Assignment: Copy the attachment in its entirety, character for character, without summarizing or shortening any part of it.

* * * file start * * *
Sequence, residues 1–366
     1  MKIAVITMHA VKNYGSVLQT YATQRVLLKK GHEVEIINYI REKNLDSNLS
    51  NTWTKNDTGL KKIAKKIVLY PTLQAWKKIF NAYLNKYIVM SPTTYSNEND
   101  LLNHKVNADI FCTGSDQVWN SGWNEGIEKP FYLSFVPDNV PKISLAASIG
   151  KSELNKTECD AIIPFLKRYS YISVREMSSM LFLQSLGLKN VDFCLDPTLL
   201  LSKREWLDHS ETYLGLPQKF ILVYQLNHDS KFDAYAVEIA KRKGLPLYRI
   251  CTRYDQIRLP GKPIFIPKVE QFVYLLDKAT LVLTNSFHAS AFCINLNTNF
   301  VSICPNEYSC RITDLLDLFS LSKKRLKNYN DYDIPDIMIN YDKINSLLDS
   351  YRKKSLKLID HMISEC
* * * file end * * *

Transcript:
Sequence, residues 1–366
     1  MKIAVITMHA VKNYGSVLQT YATQRVLLKK GHEVEIINYI REKNLDSNLS
    51  NTWTKNDTGL KKIAKKIVLY PTLQAWKKIF NAYLNKYIVM SPTTYSNEND
   101  LLNHKVNADI FCTGSDQVWN SGWNEGIEKP FYLSFVPDNV PKISLAASIG
   151  KSELNKTECD AIIPFLKRYS YISVREMSSM LFLQSLGLKN VDFCLDPTLL
   201  LSKREWLDHS ETYLGLPQKF ILVYQLNHDS KFDAYAVEIA KRKGLPLYRI
   251  CTRYDQIRLP GKPIFIPKVE QFVYLLDKAT LVLTNSFHAS AFCINLNTNF
   301  VSICPNEYSC RITDLLDLFS LSKKRLKNYN DYDIPDIMIN YDKINSLLDS
   351  YRKKSLKLID HMISEC